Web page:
Small Game Hunting at Atterbury-Muscatatuck

While most focus on larger game, there are multiple species of small game that can be hunted at Atterbury-Muscatatuck. While most of the seasons are concentrated from late fall to early spring, opportunites can be found throughout the year. The most numerous small game found on the installation is squirrel, both Fox and Gray, and Eastern Cottontail Rabbit. Those interested in hunting more unusual small game can try their hand at hunting crow, frog (Bullfrog and Green Frog), or turtle (Eastern Snapping, Spiny Softshell, and Smooth Softshell).



2022/2023 Season Harvest Recap

During the 2022/2023 season, hunters reported harvested a total of 86 small game animals at Camp Atterbury.  The chart to the right shows a breakdown of harvest by species and their percentage of the total harvest.


Frog and Turtle Hunting

Frog and turtle hunting is available to any participants with a valid Atterbury-Muscatatuck iSportsman Fishing Permit, Small Game Permit, or Bundle Permit. All state rules and regulations apply including the aggregate bag limit for turtles and minimum carapace length.


Use of Dogs

The use of dogs to hunt quail, rabbits, squirrels, raccoons, opossum, migratory birds, and fall turkey is authorized; however, the use of dogs to run deer or coyote is prohibited. Dogs may be hunted using vehicle conveyance for squirrel, raccoon, and opossum only. Firearms must be unloaded and encased until the dog(s) have treed.

 Lost dogs will be reported to Range Control at (812) 526-1351. Hunters will make every attempt to locate such animals prior to leaving the field and, if unsuccessful, leave some article of personal clothing, such as a hat or jacket, at the location where the dog was last seen. Further attempts will be made to locate the lost dog or dogs the following day, if possible, with clearance from Range Control.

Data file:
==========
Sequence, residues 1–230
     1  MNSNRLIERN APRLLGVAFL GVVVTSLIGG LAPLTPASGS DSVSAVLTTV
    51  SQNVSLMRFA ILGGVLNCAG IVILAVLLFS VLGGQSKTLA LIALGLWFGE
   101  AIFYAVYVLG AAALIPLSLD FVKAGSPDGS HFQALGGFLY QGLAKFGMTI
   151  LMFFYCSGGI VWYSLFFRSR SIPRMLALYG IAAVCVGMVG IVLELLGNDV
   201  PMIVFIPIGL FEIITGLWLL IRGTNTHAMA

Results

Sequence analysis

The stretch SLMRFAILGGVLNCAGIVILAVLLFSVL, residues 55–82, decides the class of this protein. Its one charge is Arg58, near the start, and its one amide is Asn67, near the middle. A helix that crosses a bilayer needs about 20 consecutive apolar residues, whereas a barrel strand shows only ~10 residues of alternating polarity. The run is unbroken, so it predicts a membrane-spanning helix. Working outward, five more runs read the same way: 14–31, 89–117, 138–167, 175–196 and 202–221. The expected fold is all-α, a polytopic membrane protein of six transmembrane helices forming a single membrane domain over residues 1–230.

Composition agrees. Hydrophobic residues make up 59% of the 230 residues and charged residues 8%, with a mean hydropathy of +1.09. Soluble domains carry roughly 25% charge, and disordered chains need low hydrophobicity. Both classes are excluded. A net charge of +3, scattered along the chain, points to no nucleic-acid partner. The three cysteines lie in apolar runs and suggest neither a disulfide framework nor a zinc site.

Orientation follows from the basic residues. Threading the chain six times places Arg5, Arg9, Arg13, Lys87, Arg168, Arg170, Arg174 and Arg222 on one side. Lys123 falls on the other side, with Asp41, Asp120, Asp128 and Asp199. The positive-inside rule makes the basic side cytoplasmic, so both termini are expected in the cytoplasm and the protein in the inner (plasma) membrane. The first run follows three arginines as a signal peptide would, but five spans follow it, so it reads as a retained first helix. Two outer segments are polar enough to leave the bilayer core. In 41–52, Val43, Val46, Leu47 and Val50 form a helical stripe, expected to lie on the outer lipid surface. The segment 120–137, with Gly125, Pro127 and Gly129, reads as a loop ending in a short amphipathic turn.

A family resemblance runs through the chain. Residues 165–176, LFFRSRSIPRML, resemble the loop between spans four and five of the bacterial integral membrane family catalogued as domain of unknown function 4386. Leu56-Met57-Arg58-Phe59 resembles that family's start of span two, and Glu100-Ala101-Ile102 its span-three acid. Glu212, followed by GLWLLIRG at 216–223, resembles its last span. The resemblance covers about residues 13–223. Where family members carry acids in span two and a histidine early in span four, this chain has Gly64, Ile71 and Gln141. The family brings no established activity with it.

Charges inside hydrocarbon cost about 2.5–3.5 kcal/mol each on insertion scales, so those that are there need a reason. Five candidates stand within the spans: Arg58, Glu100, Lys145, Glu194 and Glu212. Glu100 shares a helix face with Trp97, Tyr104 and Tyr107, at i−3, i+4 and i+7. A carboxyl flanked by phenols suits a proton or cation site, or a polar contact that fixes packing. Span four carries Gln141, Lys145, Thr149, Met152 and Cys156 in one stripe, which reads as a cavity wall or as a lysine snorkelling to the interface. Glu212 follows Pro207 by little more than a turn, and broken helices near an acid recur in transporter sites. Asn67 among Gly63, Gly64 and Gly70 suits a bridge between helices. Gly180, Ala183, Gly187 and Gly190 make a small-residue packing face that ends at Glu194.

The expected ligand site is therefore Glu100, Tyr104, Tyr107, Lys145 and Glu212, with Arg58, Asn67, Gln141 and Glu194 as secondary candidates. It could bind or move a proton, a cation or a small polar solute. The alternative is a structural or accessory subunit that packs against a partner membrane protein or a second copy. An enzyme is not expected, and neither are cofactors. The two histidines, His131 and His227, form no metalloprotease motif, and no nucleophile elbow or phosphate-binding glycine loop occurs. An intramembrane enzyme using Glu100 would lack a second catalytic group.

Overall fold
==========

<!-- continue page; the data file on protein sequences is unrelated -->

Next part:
Rabbit Hemorrhagic Fever Disease

Rabbit hemorrhagic disease is caused by a virus and classified as a foreign animal disease in the U.S. Rabbit hemorrhagic disease serotype 2 (RHDV2) has been detected in the U.S. multiple times since 2018. RHDV2 appears to only affect rabbits and does not affect human health. RHDV2 is currently not found in Indiana but has the potential to spread to the Hoosier state.

RHDV2 is fatal to wild and domestic rabbits of all ages. Many times the only signs of the disease is sudden death with a blood-stained nose. Currently there is no approved treatment for RHDV2 in the U.S., and measures to prevent or slow the spread are the best course of action. Cases of RHDV2 have been reported in Kentucky, but is not currently found in Indiana. Help monitor for the virus by reporting any sick or dead rabbits to IDNR through their reporting form. Any believed instances of RHDV2 on the Installation should also be reported to the Camp Atterbury Division of Environmental Management.